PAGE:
There are quite a lot of researches done regarding public participation in disaster response. One of the most noted authors in the field of Crisis Informatics is Leysia Palen. The author, together with other colleagues, conducted researches varying from general use of Information and Communication Technologies by the public in disaster response (Palen and Liu, 2007; Palen et al., 2010) to the use of some of the specific Social Media platforms (Sutton et al., 2008). Researches are focused on the public empowerment in disaster response, as how public participation becomes more and more visible during times of crisis, how Social Media comes in front when people seek for information as it was shown during the 2007 Southern California Wildfires (Sutton et al., 2008). Palen et al. (2010) proposed a vision on how future emergency management should support and include public in disaster response and how emergency management should go beyond the monitoring of on-line activity and focus on the needs and roles of citizens. The vision comes from analysing how people truly respond in disasters and crises, rather than the assumptions and some portrayals of the public being helpless (Palen et al. 2010). Palen and Liu in 2007 noted another trend in the use of visual wikis some of which provided with mapping technologies that enabled to link textual and visual information to specific geographic locations. This phenomenon was later more analysed by such authors as Michael F. Goodchild, who analysed public participation in mapping and proposed a definition of Volunteered Geographic Information (Goodchild, 2007).
Authors Horita et al. in 2013 presented systematic literature review on how Volunteered Geographic Information and crowdsourcing is used in disaster response and stated that the knowledge of Volunteered Geographic Information and its way of improving disaster management is increasing. Authors as well noted that after they conducted the systematic literature review, they found that most of the researches are focused on Volunteered Geographic Information used in disaster response phase and by applying or analysing case studies in their research (Horita et al., 2013). For example McDougall (2012) analysed three case studies of The Queensland and Australian Floods in 2010/2011, The Christchurch Earthquake in 2011, and Japan Earthquake in 2011. The paper focused on the impact the volunteered information had, types of information shared and timeliness of the responses, relevance of the initiatives and the contributions that were made and found that volunteered information provided with a unique perspective on these disasters and only the crowdsourced information enabled to get this perspective. Zook et al. (2010) provided with another research on the case of Haiti Earthquake in 2010, where the authors as well analysed the ways the Information and Communication Technologies with main focus on web mapping technologies. Similar research was done by Kawasaki et al (2012) regarding Haiti (in 2010) and Sichuan (in 2008) Earthquake responses and defined the changes in response patterns caused by web mapping platforms.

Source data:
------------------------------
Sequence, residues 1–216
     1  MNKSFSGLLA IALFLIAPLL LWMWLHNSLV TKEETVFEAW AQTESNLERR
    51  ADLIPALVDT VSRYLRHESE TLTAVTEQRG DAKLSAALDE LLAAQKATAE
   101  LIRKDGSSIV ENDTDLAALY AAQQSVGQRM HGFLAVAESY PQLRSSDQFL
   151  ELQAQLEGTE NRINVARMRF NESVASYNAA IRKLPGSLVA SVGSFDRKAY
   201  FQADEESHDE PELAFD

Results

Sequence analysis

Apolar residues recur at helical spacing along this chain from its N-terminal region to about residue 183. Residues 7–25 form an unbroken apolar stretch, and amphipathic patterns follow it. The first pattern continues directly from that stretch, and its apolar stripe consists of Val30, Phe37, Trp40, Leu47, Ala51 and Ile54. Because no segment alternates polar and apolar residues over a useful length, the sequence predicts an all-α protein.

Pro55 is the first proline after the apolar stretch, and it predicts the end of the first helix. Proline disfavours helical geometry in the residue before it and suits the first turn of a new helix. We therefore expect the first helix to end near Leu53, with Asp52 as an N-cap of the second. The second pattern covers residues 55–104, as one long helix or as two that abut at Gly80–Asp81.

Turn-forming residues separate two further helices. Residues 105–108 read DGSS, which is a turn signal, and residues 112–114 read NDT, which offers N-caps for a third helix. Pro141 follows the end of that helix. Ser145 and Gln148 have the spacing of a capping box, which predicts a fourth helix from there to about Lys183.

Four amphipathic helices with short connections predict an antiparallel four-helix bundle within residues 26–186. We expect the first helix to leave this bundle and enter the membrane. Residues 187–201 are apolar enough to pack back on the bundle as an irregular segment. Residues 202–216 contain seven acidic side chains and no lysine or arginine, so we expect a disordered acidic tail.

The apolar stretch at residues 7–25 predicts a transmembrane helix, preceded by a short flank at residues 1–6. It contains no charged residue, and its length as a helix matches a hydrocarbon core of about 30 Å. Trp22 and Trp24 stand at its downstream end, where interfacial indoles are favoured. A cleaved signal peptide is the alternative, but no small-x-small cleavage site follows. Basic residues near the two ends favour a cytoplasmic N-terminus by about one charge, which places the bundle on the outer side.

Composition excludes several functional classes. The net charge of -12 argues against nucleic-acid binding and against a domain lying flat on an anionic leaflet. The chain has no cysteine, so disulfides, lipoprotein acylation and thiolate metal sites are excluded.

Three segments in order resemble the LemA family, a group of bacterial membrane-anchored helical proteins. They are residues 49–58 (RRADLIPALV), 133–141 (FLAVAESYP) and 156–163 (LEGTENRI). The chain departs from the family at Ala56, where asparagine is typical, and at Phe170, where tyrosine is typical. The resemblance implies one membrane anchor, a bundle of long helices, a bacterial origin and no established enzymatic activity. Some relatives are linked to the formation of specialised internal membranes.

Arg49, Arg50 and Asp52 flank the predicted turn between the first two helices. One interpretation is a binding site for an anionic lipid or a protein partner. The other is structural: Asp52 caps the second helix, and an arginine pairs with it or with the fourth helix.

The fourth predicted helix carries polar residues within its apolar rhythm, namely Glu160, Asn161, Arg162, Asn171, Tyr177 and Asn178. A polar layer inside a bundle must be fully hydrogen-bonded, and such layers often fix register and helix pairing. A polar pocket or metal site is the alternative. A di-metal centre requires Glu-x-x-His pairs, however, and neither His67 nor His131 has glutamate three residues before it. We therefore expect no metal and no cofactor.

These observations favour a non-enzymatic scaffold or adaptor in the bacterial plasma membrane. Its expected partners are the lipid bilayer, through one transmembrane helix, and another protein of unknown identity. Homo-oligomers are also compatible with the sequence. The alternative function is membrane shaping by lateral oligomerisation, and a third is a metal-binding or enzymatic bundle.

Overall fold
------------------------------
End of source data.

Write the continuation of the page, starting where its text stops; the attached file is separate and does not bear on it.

the less errors) and the quality assurance provided by the mapper which mostly relies on trust (Haklay et al., 2010). The social perspective would refer to the motivations and subjectivity of provided information (Flanagin and Metzger, 2008). However, as Goodchild and Li (2012), Goodchild and Glennon (2010), and Haklay et al (2010) argued, quality assurance of VGI is fairly based on the number of contributors and can be assured by the processes of crowdsourcing as based on the principle that on interest shared by many people the information will be more accurate, then on the interests shared by a few (Goodchild and Glennon, 2010) thus, the more active mapping of the area, the more accurate the information (Haklay et al., 2010).
Regarding the analysis of mapping platforms research papers tend to focus on two web mapping platforms which are most used in crisis response – Ushahidi Crowdmap and OpenStreetMap. As for example Zook et al. (2010) used a case of Haiti Earthquake in 2010 to define how both mapping platforms were used during disaster response. It defined the processes, achievements, applications and problems that volunteers had to encounter as for example in OpenStreetMap where mappers experienced some legal issues and overlapping tasks (Zook et al., 2010). Crowe (2012) for example focused more on Ushahidi mapping platform, how it developed from simple website that was seeking to gather reports on violence outbreaks to a fully functioning web mapping platform that provides with three components – The Original Ushahidi platform and the Crowdmap, which provides with capability of interactive mapping, and SwiftRiver – allowing to filter and verify the crowdsourced data.
The evolution of OpenStreetMap is described by Palen et al. (2015). Authors stated that while in the early days, important users were the members of OpenStreetMap community, they were directly involved in data creation. However, after humanitarian organizations started to rely on the data created it had to make itself more accessible to outsiders by focusing on usability of the tools, addressing legal questions of usage and distribution of data, and working on attracting new participants. The research described changes made to attract more participants, as well as organizational changes in OpenStreetMap and how Humanitarian OpenStreetMap Team was formed. It as well presented the OSM Tasking Manager and how it is used in mapping areas for disaster response with the case of Typhoon Yolanda as well as how the data changesets can be gathered and analysed, what information it can provide (Palen et al., 2015).
3. THEORETICAL BACKGROUND
3.1. Crisis Communication and Disaster Response